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2009 Thoughts by "The Owl Who Laughs" Poet Chris Crittenden's blog

GGGG

Writing is a way of talking without being interrupted. That thought belongs to 19th century French writer Jules Renard - who didn’t make visual art - so it’s strange that while viewing Kenny Cole’s “Gold, God, Guns, and Girls,” it comes readily to mind. Cole is not a writer, and yet he uses words - strong ones - like a carpenter uses nails. Scriptures, prophecies, speeches, and sermons anchor these vibrant, colorful drawings. While the artist seems to take a perverse pleasure in borrowing them (from St. Francis of Assisi, the prophet Jeremiah, and the UN Security Council, among others), he also makes them a chore to read. The tiny, circuitous text collides into golden bullets, dancing showgirls, and piles of money - a slew of potential interruptions - yet Cole keeps on writing it. Why?
Even ten years ago, these works could not have happened. They are firmly modern drawings, as much concerned with American drone missiles, secret wars, and their scriptural justifications as the haze of distractions that constantly befogs our culture and renders those concepts unfathomable to us. Cole juxtaposes the cold, hard core of uncomfortable fact with a periphery of bright and shiny visual lures in a way that’s by now familiar to us all.
He’s been doing this for years, but it’s noteworthy that as he continues his artistic study of America’s unspeakable practices, his imagery is becoming more surreal. Never before has his work featured such lavish saturation, hallucinatory patterns, and diverse vocabulary. Which is to say, for an exhibition of work so unapologetically political, so dedicated to finding new ways of revealing dark secrets; there sure are a lot of pretty colors. It’s a fascinating device, really. These pieces are among the most visually arresting he’s ever made, but can we trust him? Don’t the efforts to make a picture more attractive only further obscure its truth?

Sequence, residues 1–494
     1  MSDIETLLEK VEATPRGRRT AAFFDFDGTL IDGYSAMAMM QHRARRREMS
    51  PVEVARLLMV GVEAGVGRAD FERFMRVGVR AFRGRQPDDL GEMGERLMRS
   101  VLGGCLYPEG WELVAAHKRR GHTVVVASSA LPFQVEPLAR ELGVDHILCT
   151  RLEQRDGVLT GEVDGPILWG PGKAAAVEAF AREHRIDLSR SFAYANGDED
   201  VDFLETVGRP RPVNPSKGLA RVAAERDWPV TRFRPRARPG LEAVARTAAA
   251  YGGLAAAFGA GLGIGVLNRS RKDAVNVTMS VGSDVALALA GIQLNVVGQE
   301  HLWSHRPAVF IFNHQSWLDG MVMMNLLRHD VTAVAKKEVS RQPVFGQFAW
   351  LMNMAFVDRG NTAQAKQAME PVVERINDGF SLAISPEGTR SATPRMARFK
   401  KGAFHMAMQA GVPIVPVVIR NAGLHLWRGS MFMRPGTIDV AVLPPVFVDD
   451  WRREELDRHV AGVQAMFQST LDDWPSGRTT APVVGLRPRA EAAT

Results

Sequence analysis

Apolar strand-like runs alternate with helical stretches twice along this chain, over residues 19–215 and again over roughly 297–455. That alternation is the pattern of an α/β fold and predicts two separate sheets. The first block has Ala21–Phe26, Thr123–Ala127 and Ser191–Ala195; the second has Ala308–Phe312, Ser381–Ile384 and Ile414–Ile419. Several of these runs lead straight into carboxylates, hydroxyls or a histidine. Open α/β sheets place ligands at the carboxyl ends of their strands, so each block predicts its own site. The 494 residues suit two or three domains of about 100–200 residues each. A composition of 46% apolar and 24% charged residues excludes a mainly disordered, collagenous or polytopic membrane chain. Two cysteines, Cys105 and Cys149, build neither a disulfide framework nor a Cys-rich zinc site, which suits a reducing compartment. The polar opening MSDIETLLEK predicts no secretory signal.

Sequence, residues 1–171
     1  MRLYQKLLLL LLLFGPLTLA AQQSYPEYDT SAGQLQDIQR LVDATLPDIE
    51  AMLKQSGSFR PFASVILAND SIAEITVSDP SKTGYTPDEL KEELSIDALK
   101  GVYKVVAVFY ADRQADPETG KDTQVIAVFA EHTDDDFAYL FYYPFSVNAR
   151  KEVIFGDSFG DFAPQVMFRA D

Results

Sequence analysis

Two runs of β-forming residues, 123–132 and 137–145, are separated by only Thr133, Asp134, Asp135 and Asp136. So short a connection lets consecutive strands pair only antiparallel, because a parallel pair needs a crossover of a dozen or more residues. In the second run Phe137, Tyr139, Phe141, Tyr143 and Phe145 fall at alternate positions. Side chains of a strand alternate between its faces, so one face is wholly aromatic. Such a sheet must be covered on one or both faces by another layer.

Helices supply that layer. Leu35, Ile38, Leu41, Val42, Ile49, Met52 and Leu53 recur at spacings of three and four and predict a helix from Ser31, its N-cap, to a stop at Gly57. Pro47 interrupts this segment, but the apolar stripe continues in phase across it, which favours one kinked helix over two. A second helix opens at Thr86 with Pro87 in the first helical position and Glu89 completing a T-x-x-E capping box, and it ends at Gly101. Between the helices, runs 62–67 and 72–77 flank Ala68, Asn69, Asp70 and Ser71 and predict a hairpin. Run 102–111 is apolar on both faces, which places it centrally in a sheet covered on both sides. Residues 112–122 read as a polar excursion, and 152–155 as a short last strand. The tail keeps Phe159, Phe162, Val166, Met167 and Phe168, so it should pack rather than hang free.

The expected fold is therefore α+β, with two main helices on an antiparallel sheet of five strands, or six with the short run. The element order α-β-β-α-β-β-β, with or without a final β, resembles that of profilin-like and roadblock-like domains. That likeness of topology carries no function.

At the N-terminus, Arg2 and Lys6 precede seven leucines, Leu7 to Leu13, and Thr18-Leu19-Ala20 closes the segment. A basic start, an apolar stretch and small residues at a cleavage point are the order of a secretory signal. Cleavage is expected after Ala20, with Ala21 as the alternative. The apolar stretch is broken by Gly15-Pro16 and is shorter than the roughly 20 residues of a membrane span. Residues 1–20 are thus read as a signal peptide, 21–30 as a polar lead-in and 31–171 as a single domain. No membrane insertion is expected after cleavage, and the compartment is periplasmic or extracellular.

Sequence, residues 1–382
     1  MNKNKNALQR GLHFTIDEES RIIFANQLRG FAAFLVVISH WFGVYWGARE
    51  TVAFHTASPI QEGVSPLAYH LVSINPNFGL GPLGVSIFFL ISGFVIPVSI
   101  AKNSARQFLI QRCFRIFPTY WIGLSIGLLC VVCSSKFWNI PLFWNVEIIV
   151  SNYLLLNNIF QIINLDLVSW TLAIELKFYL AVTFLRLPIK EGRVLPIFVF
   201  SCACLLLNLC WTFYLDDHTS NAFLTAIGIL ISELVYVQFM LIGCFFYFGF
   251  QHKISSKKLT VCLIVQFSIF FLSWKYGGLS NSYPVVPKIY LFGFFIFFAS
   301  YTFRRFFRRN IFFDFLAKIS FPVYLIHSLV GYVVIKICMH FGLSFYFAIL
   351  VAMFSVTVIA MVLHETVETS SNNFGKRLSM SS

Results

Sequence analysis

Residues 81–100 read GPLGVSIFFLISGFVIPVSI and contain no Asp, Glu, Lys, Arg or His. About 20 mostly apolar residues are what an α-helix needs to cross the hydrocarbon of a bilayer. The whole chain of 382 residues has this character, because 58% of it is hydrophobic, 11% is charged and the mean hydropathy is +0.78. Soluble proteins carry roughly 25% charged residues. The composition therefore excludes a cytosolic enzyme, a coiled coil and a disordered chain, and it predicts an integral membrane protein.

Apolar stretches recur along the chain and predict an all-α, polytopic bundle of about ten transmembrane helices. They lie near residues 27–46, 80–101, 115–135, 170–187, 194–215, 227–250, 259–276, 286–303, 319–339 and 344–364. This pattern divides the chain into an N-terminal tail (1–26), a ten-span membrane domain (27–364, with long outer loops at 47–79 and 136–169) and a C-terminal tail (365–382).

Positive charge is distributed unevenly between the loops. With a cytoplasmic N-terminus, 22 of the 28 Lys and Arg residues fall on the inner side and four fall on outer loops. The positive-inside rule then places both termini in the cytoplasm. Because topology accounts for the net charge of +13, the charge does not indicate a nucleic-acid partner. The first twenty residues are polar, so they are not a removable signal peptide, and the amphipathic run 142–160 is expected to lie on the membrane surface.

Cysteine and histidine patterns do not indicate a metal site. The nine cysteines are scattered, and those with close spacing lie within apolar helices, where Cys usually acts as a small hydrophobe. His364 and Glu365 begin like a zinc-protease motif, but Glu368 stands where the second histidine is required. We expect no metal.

Of course, these are trick questions. “Gold, God, Guns, and Girls” differs from Cole’s earlier work because its terrain is the mind. We already know the truth. Unlike The Hellfire Story, the fall 2010 exhibition in Portland’s SPACE Gallery which detailed the fifty-year history of the United States drone missile program, “Gold...” with its dreamlike backdrops and American symbology, suggests that warfare isn’t merely a horror story in a newspaper or RSS feed. It’s a constant narrative, and it’s running inside each of us.
There’s another way “Gold, God, Guns, and Girls” is unusual. Sure, the drawings are political, indeed almost polemical. They use patterns of religious iconography to warn of the dangers of using religious iconography. They contain such intricate design and methodical labor that it’s tempting to try to decode them for some hidden answer or instruction. Good luck with that. Despite all this, they still manage to have fun. Cole may have opinions, and he can certainly ramble a little (at least artistically), but he’s not a dogmatist. And whether you find his drawings provocative or distracting, hopefully they can bring out opinions of your own.

–Nicholas Schroeder / Portland, Maine / April 2011

2011 "Gold, God, Guns and Girls" catalogue essay by Nicholas Schroeder